It was an astounding feat. Buffett achieved this by avoiding the general sentiment of the market, focusing solely on finding the true value of the companies he invested in.
Building his legend
In 1965, Buffett embarked on his next mission. He accumulated 49% of the common stock in Berkshire Hathaway, which was a textile company at the time.
He named himself director, and he made the move to appoint a new president for the company. He considered this an urgent move — as the terrible management was literally running Berkshire Hathaway to the ground.
Two years passed, and Buffett bought the entire company. He saw an opportunity like no other, transforming the textile company into a multinational conglomerate holding company.
From here on out, Buffett was on a roll, finding good companies to invest in, identifying opportunities for value.
By the 1970s, Buffett’s reputation was formidable, and he was creating waves. Just the mere whisper of him buying into a company was enough to see that stock rise by 10%. This became known as ‘The Buffett Effect’.
He kept going from strength to strength, finding opportunities, building up his wealth at an astronomical rate.
Now, in 2020, Berkshire Hathaway Class A stock [NYSE: BRK.A] is currently trading above $277,000. That’s an incredible achievement.
What is so great about Warren Buffett?
Quite simply, Warren Buffett has a unique way of seeing things. What others perceive as a threat, he perceives as an opportunity.
I’ll take you back to the most recent financial crash. You know the one I’m talking about — the Global Financial Crisis that kicked off in 2007-2008.
While everyone was rushing for the exit doors, Buffet did the opposite — he calmly and coolly walked right in. He injected a whole lot of capital in a few companies. He invested in blue-chip stocks, even though their prices were on the way down.
Think back to Buffett’s experience when he was 11. Despite experiencing a loss during this first investing experience, he had to resilience to hold on. Eventually, his patience paid off. His stocks recovered their value, and he made a profit.
This is the crucial life lesson that Buffet held on to.
This was why he started investing feverishly even though the global markets were in turmoil in 2007-2008.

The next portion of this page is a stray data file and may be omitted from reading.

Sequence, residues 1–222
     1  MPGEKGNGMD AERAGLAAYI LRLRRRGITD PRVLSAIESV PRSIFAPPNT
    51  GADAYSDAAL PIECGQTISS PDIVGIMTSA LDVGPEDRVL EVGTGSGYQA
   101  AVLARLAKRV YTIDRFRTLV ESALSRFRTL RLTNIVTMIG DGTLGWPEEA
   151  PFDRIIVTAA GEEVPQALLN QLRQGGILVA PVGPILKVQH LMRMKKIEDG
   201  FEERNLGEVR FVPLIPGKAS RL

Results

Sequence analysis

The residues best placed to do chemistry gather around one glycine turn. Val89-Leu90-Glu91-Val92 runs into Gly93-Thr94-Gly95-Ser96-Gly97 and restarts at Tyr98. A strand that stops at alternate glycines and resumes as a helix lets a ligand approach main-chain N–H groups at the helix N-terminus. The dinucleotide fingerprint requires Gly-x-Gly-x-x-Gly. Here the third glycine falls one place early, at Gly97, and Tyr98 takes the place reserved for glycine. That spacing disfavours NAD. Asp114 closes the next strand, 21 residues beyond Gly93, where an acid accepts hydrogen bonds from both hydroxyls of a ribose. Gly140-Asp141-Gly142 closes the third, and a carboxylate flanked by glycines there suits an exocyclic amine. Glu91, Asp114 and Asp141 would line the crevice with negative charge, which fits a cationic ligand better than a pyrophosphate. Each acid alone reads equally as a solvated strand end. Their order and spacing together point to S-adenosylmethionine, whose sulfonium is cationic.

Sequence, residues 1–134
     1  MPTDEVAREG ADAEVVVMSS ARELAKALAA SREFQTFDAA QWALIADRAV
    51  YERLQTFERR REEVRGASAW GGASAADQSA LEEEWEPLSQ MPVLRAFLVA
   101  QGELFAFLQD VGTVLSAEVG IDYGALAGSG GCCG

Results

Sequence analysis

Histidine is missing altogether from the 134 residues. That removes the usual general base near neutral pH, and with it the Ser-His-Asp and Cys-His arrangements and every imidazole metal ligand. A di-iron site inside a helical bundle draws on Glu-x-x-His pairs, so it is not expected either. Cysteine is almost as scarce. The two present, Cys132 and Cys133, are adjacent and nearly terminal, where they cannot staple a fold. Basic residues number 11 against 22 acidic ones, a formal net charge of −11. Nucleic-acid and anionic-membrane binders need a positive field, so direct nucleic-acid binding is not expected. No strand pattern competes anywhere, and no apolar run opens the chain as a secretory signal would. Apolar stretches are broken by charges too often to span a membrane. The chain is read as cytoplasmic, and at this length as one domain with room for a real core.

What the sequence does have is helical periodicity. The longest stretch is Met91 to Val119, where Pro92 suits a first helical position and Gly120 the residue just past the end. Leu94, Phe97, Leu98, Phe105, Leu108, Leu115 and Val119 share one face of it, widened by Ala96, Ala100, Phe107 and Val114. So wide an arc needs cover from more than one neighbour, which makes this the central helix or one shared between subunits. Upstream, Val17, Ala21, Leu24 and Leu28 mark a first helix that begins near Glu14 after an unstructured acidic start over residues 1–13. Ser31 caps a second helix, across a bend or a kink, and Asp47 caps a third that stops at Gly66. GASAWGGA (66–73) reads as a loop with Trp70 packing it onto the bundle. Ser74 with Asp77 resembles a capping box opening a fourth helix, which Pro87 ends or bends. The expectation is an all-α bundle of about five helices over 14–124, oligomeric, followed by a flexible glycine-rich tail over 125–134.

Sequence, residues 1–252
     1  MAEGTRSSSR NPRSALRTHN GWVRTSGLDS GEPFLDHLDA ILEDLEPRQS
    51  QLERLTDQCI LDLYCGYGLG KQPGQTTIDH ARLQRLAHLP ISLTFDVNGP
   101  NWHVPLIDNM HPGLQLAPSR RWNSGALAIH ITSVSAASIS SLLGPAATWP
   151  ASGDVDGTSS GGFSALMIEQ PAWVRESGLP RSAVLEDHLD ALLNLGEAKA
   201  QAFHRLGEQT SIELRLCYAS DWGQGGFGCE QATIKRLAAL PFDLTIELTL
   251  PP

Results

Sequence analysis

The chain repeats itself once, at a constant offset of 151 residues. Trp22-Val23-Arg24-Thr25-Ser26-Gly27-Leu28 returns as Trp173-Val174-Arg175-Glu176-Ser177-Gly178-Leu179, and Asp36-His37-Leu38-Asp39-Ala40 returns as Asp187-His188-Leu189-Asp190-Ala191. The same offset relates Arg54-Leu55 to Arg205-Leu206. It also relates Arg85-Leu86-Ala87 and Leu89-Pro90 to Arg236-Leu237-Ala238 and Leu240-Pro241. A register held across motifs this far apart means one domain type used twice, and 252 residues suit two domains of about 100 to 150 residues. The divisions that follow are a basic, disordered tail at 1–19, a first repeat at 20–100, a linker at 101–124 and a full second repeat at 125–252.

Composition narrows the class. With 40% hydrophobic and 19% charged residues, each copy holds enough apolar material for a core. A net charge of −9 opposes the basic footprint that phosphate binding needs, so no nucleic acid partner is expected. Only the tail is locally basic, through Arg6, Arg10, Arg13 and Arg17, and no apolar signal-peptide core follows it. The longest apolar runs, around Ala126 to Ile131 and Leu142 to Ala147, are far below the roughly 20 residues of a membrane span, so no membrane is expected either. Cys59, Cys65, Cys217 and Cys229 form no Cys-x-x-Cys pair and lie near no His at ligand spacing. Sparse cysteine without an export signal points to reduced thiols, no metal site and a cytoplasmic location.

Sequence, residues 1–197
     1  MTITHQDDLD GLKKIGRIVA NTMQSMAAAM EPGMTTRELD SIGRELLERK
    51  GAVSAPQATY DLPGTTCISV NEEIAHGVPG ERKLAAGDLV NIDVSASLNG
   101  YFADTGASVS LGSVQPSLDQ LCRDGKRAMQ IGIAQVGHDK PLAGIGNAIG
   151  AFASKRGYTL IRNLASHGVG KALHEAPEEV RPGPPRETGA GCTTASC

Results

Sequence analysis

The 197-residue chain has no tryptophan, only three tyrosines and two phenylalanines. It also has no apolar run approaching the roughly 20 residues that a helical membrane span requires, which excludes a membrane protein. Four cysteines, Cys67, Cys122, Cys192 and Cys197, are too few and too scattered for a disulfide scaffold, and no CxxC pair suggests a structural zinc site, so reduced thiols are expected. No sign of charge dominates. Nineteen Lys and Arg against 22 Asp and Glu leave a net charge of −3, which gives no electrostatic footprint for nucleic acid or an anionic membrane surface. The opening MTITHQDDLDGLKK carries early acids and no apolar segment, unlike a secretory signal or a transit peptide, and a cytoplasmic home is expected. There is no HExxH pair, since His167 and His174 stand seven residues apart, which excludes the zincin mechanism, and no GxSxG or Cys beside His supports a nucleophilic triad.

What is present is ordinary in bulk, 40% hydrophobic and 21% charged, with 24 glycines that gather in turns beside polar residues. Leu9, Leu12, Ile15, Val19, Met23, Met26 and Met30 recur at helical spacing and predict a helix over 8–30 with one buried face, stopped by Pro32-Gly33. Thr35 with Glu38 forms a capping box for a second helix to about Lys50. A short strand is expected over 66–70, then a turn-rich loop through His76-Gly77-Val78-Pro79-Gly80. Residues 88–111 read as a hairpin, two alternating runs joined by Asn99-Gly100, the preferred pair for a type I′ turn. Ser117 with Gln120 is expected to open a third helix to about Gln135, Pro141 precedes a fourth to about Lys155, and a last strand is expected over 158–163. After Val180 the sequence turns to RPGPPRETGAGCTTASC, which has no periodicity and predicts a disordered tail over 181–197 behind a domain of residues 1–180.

His instincts proved to be right!
When the economy was on its way to recovery, the deals he had made started paying off.
Here’s a good example. When Buffett invested in Bank of America [NYSE:BAC], he offered them $5 billion in preferred stocks that yielded 6%. This deal also came with a warrant to buy 700,000 common shares at a fixed price of $7.14, allowing him to purchase these shares any time before 2021.
If you ask me, that’s the sweetest part of the deal.
Buffet exercised the warrant in 2017. He traded his preferred shares for common shares to receive a larger payout. That’s not all. He fell in love with the bank, and he has kept on buying, making him the largest personal holder.
Long story short — in just eight years, Buffett made $22.75 billion profit on a $12.56 billion initial investment. That’s not chump change!
A more recent example of Buffett’s strategy is his purchase of airline stocks. He kept buying them until February 2020, even with the recession looming and the general fear of airlines going into liquidation.
Is this a wise move? It’s too early to tell. We can’t see the pay-off yet. But you can bet that Buffett has made an educated move. He’s betting that when the market rises again and planes start flying…well, you know the rest.
Buffett is however reducing his holdings by selling his Delta Air Lines stocks. This sneaks him under 10% holding, which means that he doesn’t have to announce when he is selling and buying.